How a Polder taught me about Swedish-speaking fins
Where greenhouses were born
We enter the Westland through the old gate of the long gone summer residence Sion. There’s this idea that the residence’s flower and vegetables gardens were the reason for the region’s inhabitants to start the horticulture in this area. At this very moment a new district is being built on the spot where the summer residence used to be. The project is called Rijswijk Buiten and is meant to recreate the atmosphere of an estate with one main house in the centre, huge farmers houses, courtyard dwellings and a courtyard with lush gardens.
A Mill, a Polder and A story about a Dike
We follow the canal and cycle below the water (this you do have to experience yourself) to the place where the typical Dutch polders, its dikes and mill are a delight for the eyes. This is where you can see how water was managed with mills in the old days and how it is done now with modern electrical pumping engines. While cycling on the dike you get a good view on the different water levels.
Water is everywhere in the town called Wateringen. Although the town was built on a dike to protect it against the water and the many floodings in the Middle Ages, the name for the town is taken from an important family who had built a castle here in the 13th century.
How to reach a Dutch greenhouse by bike
Once we cross a viaduct a large greenhouse comes to sight. Van Laak Orchids actually has two huge greenhouses in the same block covering in total 125,000 m2. You can imagine it’s almost a full cycle tour just to get to the entrance.
What DUtch Herring and Finnish Potatoes have in common
Yvonne tells me a bit about her parent’s greenhouse. It was for domestic use and much smaller than this one. They grew potatoes. The new potatoe, sold from the end of April, is nice and sweet and have a very soft skin. It’s very small, you could compare it with a Dutch krieltje They’re very expensive, but Fins look forward to them the whole year and are willing to pay large sums of money. These new potatoes taste best with just a knob of butter, a pinch of salt or some dille. When I hear this story I immediately thought about the new herring in Holland.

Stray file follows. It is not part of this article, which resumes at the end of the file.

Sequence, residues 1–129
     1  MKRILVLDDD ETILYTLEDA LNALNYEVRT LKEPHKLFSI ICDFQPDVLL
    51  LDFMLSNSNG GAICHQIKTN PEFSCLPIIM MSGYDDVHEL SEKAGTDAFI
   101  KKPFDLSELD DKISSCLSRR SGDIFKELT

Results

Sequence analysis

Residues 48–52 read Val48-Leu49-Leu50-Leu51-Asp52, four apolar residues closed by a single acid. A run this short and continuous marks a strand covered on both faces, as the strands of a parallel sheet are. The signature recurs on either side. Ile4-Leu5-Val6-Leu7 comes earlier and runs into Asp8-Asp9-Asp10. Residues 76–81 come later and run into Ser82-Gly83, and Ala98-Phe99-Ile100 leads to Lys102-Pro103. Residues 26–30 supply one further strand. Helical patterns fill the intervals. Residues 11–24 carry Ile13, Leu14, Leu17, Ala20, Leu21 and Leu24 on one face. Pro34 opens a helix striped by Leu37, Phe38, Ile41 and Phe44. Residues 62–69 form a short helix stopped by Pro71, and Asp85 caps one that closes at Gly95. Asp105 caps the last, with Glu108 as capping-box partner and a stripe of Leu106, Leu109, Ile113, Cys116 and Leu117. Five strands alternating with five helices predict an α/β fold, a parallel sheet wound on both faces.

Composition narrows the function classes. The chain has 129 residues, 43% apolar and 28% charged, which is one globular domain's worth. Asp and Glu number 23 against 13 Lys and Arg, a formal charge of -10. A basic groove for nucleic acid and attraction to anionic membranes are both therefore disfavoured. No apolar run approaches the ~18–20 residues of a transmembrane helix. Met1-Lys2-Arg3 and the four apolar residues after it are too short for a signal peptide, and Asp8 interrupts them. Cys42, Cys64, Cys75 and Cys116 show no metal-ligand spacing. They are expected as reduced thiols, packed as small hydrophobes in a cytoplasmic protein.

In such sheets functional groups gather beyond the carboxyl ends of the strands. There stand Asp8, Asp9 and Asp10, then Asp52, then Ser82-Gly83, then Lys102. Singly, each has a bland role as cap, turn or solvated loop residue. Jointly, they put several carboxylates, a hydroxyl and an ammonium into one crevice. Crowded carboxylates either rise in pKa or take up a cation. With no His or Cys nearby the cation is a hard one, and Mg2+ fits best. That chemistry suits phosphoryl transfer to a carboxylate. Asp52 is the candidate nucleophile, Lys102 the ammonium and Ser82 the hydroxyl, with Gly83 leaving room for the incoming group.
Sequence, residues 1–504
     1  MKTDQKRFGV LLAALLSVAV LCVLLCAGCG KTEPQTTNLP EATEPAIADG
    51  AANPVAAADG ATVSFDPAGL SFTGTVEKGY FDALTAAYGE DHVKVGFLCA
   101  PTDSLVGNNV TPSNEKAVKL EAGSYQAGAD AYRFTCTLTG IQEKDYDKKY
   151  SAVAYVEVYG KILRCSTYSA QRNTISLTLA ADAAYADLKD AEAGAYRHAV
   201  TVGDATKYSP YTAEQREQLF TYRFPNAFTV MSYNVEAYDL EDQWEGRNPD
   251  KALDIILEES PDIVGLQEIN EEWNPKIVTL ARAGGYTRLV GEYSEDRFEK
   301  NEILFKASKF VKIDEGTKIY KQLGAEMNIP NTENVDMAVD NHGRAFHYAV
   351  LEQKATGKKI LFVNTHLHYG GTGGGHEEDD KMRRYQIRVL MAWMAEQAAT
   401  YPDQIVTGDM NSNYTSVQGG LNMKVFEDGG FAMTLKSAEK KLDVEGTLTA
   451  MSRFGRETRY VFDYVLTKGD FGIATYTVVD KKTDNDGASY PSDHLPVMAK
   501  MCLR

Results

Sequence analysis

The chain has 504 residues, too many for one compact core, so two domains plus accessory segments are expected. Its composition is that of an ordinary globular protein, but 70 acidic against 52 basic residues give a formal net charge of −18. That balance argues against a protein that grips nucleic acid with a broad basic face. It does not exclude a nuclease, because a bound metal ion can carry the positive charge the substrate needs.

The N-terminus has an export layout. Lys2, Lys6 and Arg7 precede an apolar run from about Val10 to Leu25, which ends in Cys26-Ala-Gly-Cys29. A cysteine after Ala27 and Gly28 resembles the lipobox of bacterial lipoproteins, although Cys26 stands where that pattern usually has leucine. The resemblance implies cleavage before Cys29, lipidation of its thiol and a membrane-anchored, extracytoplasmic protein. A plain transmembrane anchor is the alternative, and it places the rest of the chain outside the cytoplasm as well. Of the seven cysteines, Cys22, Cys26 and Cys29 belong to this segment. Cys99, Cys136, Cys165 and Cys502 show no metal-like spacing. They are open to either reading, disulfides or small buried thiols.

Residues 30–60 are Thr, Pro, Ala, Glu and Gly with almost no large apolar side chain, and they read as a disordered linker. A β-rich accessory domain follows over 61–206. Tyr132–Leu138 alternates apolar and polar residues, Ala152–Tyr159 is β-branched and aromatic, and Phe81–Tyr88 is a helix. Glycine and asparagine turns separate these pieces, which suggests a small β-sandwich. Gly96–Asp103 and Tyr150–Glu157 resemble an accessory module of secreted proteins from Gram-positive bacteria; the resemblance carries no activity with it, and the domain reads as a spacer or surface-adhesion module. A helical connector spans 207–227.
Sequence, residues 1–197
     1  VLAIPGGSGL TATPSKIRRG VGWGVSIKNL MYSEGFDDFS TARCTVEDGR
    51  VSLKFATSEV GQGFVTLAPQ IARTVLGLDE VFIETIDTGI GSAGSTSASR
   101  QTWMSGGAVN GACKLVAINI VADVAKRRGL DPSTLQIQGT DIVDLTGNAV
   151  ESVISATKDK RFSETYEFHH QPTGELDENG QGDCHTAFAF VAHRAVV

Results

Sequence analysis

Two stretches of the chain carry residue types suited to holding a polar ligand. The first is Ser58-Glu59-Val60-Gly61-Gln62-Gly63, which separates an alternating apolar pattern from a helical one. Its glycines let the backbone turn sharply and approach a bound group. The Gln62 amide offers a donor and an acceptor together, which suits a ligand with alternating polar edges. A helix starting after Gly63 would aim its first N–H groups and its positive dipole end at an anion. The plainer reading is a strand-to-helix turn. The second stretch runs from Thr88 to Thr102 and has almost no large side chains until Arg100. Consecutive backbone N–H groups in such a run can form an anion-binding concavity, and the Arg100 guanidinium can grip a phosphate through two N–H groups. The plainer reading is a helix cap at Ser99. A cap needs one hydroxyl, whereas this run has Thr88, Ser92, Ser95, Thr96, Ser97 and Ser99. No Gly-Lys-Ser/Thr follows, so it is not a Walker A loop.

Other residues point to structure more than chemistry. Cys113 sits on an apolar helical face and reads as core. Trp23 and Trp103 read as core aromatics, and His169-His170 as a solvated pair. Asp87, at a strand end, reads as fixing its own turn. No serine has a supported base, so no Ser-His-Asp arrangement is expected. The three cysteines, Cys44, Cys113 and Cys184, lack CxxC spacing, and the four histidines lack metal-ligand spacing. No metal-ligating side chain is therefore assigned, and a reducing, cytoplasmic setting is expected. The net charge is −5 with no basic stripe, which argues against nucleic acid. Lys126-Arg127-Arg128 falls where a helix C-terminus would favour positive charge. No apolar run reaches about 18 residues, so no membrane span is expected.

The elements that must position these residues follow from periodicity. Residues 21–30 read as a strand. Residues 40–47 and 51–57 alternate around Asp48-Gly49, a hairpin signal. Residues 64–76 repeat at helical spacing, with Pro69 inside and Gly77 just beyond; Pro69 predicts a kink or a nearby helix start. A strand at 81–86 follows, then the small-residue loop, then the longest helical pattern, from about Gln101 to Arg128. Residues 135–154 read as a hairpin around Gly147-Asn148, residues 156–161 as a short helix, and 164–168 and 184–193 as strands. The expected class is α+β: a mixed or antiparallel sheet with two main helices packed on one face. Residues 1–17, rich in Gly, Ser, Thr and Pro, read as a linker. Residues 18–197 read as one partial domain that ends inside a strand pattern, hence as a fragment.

When a florist met a orchid grower
Mariëlle, an enthusiastic florist, married one of the Ter Laak brothers and shortly after opened a shop inside the orchid greenhouse. The shop is for private sales and a huge success. Mariëlle can’t wait to tell us the story behind the growing of orchids. She takes us to an elevated platform where we have a great view of the orchids in its last stages. Yvonne and her parents are very much interested and their questions show their experience in the field of nursery and farming. Mariëlle is happy to answer all questions and while making a short tour explains the intensive 2 year long process of how a small cutting in Taiwan or Bleiswijk becomes a beautiful grown orchid beaming in your living room.
Want to Bike to a Greenhouse?
It’s a fascinating story and one that you could hear, see, feel as well. Just read all the options, check the calendar for the next Westland greenhouse cycle tour, or contact me directly to find out about customized tours.